mindanaoan, i see. My mistake in overlooking your distinctions.

    • anthony scalia on March 9, 2008 at 1:47 pm

    kabayan,

    Of course we still remember the first Charter Change attempt and how she and her allies tried to ram it down our throat, anybody still remember that? Or is it out of sight and out of mind?

    that first ‘charter change attempt’ was actually ho-hum! the reaction to that was ‘much ado about nothing’!

    no charter change can take effect without the people’s consent taken from a referendum

    no congressional amendment/s to charter change can be referred to a referendum if one chamber of Congress did not consent to it. the first ‘charter change attempt’ was all done by the House, no action by the Senate. it suffers constitutional infirmities.

    even assuming the all-House charter change attempt was endorsed to the COMELEC, it will be challenged. If not in COMELEC, before the Supreme Court.

    same thing with the SIGAW petition in the Supreme Court – if SIGAW won in the SC, the proposed amendment wont take effect yet; the COMELEC will have to proceed with reviewing the merits of SIGAW’s petition for referendum. SIGAW could still lose in the COMELEC. Even if it wins in the COMELEC, a challenge before the SC is sure to follow!

    kaya, my dear fellow Pinoys, maghunos-dili kayo kapag merong proposed charter change uli, dahil any proposed charter change ay dadaan sa butas ng isang milyong karayom!

    • cvj on March 9, 2008 at 2:00 pm

    UPn, why exclude people power as a form of vigilance?

    If one person, after looking at available information, deliberates and realizes that…

    1. Gloria cheated in elections,
    2. entered into anomalous contracts and
    3. committed treasonous acts

    …calls on her to resign, is it or is it not an act of vigilance? What if two people do so?

    If the above can be considered acts of vigilance, then why is a few hundred thousand doing the same suddenly no longer an act of vigilance?

    • anthony scalia on March 9, 2008 at 2:08 pm

    mindanaoan,

    “and btw, to label critics of people power as lovers of status quo, is to equate reasoned opinion with shallow yackety-yak”

    agreed! yung mga nag-react, guilty!

  8. Not true. Here are the information collected by the FIES as per the NSO:

    http://www.census.gov.ph/data/technotes/notefies.html

    You are so just like a naive student. You’re thinking of the shoulda, woulda and perfect world.

    In accounting we always have that analysis to find out the discrepancy.

    What should have been and what happened.

    What should have been is to report all cash receipts as income, what happened is that they don’t.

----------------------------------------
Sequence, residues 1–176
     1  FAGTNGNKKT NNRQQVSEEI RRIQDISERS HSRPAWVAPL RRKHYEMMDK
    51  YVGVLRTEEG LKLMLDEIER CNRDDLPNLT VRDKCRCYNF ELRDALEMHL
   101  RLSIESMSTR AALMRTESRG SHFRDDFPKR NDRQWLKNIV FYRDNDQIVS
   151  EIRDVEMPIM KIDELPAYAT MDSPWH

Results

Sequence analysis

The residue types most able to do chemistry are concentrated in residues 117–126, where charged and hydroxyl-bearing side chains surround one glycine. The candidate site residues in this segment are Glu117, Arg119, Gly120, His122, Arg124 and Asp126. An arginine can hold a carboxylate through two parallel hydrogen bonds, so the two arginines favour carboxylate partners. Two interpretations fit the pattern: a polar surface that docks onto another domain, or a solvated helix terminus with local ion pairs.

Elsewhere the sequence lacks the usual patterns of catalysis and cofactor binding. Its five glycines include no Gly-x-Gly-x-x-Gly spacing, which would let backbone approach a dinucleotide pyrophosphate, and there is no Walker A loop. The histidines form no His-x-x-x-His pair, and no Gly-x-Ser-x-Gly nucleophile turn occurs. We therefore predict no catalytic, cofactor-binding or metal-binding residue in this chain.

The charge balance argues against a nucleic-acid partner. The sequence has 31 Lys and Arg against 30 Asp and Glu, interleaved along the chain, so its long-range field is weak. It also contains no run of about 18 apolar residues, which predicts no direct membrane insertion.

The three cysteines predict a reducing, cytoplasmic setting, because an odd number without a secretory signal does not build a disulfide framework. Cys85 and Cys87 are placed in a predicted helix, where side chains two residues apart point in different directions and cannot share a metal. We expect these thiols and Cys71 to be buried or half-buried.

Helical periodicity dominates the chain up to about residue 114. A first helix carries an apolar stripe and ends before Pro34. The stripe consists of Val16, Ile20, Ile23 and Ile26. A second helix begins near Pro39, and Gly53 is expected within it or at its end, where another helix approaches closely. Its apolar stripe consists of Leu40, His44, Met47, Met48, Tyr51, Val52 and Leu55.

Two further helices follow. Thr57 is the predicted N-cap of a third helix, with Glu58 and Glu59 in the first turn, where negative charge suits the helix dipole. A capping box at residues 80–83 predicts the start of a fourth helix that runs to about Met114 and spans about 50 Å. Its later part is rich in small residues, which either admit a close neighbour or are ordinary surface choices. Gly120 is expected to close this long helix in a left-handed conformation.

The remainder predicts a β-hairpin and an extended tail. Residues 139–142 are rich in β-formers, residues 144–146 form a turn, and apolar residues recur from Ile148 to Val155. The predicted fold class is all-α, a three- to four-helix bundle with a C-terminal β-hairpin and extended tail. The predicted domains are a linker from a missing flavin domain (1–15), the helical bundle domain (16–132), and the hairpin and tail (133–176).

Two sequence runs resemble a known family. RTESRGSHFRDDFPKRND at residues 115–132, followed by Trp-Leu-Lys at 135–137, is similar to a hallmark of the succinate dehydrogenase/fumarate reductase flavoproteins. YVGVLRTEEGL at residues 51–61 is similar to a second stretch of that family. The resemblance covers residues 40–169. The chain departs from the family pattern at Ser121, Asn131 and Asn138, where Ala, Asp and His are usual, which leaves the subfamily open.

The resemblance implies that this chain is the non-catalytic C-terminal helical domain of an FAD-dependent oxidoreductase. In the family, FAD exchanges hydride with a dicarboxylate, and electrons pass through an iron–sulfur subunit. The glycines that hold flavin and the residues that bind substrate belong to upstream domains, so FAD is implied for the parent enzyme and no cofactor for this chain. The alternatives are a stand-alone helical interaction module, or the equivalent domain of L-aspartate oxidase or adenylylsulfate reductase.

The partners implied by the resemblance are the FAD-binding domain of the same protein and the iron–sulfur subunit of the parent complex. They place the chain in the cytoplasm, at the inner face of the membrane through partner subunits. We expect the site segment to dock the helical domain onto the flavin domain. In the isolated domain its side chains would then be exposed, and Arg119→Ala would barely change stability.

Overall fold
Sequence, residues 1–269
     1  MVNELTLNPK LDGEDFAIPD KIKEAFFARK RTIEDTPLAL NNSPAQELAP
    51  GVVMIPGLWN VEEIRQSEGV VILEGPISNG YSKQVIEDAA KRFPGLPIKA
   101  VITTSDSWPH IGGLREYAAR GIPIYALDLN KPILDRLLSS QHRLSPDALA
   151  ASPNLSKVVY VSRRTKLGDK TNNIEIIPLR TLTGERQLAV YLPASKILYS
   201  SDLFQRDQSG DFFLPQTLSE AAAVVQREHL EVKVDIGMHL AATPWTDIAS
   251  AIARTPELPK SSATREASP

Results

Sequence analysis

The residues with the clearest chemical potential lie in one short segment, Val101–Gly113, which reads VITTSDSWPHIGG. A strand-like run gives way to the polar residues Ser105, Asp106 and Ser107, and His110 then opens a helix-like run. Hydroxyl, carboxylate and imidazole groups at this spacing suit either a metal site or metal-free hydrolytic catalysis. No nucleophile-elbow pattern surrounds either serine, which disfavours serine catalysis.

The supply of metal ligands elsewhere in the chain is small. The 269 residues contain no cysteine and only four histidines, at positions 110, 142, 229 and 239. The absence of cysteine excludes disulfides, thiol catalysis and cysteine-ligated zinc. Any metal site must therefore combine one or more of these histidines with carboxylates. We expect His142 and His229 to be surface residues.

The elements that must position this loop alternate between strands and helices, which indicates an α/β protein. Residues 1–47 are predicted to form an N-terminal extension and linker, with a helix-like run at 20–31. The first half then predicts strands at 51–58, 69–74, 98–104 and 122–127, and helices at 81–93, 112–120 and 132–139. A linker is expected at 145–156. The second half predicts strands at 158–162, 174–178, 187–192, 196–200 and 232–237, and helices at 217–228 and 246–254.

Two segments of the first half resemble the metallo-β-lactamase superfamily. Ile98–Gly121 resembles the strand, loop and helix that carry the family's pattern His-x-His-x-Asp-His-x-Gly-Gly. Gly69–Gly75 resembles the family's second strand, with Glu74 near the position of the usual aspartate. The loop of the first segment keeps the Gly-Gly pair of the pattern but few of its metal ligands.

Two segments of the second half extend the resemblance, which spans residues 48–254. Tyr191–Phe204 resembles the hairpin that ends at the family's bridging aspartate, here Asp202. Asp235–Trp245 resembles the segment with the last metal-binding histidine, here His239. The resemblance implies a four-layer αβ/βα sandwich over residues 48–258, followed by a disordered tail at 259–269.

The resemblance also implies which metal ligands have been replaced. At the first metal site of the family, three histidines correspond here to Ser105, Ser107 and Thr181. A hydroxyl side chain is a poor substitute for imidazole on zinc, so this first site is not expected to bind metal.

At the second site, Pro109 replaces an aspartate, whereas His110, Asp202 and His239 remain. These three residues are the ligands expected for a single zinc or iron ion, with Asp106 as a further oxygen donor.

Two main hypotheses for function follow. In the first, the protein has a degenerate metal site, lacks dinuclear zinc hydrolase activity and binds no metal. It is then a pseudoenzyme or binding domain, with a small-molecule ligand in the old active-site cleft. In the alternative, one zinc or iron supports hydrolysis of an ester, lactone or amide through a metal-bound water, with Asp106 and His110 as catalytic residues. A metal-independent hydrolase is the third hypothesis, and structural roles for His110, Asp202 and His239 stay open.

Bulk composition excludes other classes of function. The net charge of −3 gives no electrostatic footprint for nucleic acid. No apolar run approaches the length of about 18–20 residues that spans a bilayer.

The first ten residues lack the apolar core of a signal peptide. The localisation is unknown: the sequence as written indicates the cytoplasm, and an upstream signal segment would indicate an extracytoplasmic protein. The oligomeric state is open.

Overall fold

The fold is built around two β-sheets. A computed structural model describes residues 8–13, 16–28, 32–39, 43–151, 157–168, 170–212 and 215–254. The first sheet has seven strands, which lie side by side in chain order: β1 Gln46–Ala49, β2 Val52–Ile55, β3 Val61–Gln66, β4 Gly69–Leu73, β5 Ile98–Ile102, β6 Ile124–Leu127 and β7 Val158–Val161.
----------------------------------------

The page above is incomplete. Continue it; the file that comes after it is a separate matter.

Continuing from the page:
Listen to UPn, not all these respondents would disclose the amount they received. And who would bother to check?

    You do not even know how the info for GDP is gathered.

    Don’t be too hard on yourself. Say you do not know and stop trying to impress me that you know about economics because all you know is what you read. YOu failed to give me the coefficient correlation and you failed to give me how all the facts in the GDP are gathered.

    Good luck to you. Just concentrate in your Gloria-bashing where no specialized knowledge is required.

    • justice league on March 9, 2008 at 3:16 pm

    Benigno,

    Clearly between you and I; I’m not the one in this instance having difficulty defending our respective ideas.

    If that reply of yours was the end all be all of your defense; your perception of who is “Kawawa” needs to be directed at someone else, may be even to yourself.

    And it seems that term of yours in your video that best described you then still best describes you now.

    Also, I remember a post wherein you seemed to be somewhat wondering about the definition of what you are alleged to be full of.

    Well, this thread might actually not only DEFINE what you are alleged to be full of but also prove that you are actually FULL OF IT!

    • justice league on March 9, 2008 at 3:25 pm

    Bencard,

    Your last paragraph seems to somehow indicate that you believe that ex-President Estrada did not resign as stated by the SC but was instead removed.

    Please clarify.

    Rego,

    There you went yet again.

    • justice league on March 9, 2008 at 3:34 pm

    Abe,

    Not that I necesarily subcribe to everything you stated but the statement

    “As People Power will continue to uncover the pursuit of such a political myth is anti-democratic, plain and simple.”

    seems not aligned with the rest of the paragraph that it came from.

    You presented several points of view that its hard to tell whose point of view that idea is coming from. Or is it “as anti-democratic” instead of “is anti-democratic”?

    • grd on March 9, 2008 at 4:12 pm

    “Don’t be too hard on yourself. Say you do not know and stop trying to impress me that you know about economics because all you know is what you read. YOu failed to give me the coefficient correlation and you failed to give me how all the facts in the GDP are gathered.

    Good luck to you. Just concentrate in your Gloria-bashing where no specialized knowledge is required.”

    hehehe. no way jose.

  9. Clearly between you and I; I’m not the one in this instance having difficulty defending our respective ideas. — justice league

    Whatever you say, dude.

    – 😀